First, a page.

Assay development is conceptually similar to RNAi and compound screens. In both cases, the primary assay must reflect an appropriate biological context and be sufficiently robust to detect desired changes in the biological response when exposed to a genetic or chemical perturbagen.
Dr. Posner and the HTS staff will comment on the practicality of the assay, offer suggestions for counter and secondary assays, and, if needed, provide alternative assay approaches that have proved effective in previous projects. The HTS Core has more than 40 years of experience in assay development and screen execution and is a valued collaborator in these aspects of HTS.
Both HTS Core and project scientists work collaboratively to develop, refine, and validate parameters and controls (positive, negative, and neutral) for the primary assay such that it is robust (Z values > 0.5 over many assays and experimental days), tolerant of effects from DMSO, free from systematic effects (e.g., plating artifacts, liquid handling errors, etc.), simple (most assays have less than three liquid additions and are endpoint assays), and efficient in the use of reagents, HTS equipment, personnel, and resources. Secondary assays are developed in parallel to the primary assay and must meet the same criteria. RNAi screens are typically run in 96-well microtiter plates (three replicates per siRNA pool), while compound screens are run in a 384-well format (one replicate per compound).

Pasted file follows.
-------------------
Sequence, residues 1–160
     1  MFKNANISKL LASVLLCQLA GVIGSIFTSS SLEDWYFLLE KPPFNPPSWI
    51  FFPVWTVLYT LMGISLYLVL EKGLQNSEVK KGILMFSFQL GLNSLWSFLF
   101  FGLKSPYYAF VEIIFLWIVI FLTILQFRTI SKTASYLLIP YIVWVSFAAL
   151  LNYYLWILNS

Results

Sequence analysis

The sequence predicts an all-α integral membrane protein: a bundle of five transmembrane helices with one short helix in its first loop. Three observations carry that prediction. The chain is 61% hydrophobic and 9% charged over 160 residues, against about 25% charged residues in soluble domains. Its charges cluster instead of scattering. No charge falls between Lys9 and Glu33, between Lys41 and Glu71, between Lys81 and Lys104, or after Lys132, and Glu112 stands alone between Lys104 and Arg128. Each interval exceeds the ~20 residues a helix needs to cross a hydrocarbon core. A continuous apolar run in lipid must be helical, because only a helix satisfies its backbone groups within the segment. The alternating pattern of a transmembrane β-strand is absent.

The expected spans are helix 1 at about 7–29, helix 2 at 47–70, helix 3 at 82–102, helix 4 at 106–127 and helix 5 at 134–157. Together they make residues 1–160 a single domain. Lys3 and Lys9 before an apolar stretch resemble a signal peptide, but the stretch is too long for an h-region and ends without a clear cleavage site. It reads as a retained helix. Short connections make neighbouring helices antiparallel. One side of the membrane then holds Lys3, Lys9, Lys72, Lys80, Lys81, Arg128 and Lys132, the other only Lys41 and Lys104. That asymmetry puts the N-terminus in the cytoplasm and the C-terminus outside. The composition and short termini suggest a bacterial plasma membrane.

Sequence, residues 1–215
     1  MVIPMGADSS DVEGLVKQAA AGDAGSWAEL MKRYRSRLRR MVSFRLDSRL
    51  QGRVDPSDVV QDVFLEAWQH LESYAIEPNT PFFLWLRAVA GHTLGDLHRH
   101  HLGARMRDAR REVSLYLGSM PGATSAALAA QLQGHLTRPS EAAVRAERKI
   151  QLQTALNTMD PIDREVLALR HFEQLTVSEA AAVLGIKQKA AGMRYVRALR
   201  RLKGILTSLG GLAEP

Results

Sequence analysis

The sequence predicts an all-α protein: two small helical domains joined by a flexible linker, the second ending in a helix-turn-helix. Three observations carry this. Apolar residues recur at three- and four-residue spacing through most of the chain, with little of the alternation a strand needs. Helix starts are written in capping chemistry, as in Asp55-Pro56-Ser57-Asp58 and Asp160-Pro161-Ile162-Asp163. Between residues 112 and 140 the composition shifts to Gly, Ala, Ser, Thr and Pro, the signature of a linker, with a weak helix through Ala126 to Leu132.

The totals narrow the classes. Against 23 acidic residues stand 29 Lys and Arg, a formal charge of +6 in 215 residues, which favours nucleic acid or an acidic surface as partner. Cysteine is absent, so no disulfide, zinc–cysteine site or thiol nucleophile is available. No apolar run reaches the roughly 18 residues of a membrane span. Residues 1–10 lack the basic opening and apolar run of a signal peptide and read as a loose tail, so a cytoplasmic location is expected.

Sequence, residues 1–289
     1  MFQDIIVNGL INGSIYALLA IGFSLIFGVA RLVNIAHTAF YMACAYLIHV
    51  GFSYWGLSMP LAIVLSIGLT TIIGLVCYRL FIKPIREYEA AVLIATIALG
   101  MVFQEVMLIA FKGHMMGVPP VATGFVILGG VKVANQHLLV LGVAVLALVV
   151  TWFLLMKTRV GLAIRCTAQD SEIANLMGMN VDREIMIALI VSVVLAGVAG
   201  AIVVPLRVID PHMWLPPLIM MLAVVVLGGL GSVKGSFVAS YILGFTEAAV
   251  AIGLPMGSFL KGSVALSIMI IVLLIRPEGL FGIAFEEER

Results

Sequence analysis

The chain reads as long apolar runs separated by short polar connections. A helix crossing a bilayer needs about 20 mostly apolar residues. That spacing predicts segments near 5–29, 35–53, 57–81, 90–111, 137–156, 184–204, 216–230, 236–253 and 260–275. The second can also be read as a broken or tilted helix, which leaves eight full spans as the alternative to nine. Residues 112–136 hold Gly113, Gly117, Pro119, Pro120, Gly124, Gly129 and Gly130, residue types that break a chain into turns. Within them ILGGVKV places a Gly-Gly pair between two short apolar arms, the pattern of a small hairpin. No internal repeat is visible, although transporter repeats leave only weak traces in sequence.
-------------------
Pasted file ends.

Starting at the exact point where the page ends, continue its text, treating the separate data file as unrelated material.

Once an assay has an acceptable Z’ in small-scale experiments for chemical or RNAi screen, it is tested in three to 10 plates treated under "mock" conditions, an experiment in which the HTS protocol is executed but no actual library samples are tested. In the case of compound screening, DMSO is substituted for the chemical library in the test wells (columns 3 to 22 of a 384-well plate), and for RNAi screening, transfection reagent plus a non-targeting siRNA or transfection reagent alone is substituted for the library in columns 2 to 11 of a 96-well plate.
Assays that are reproducible and largely free of plate or systematic effects are deemed optimized and ready for screening, provided approval has been obtained from the Core Director (small screening projects) or the HTS Oversight Committee (large screening projects).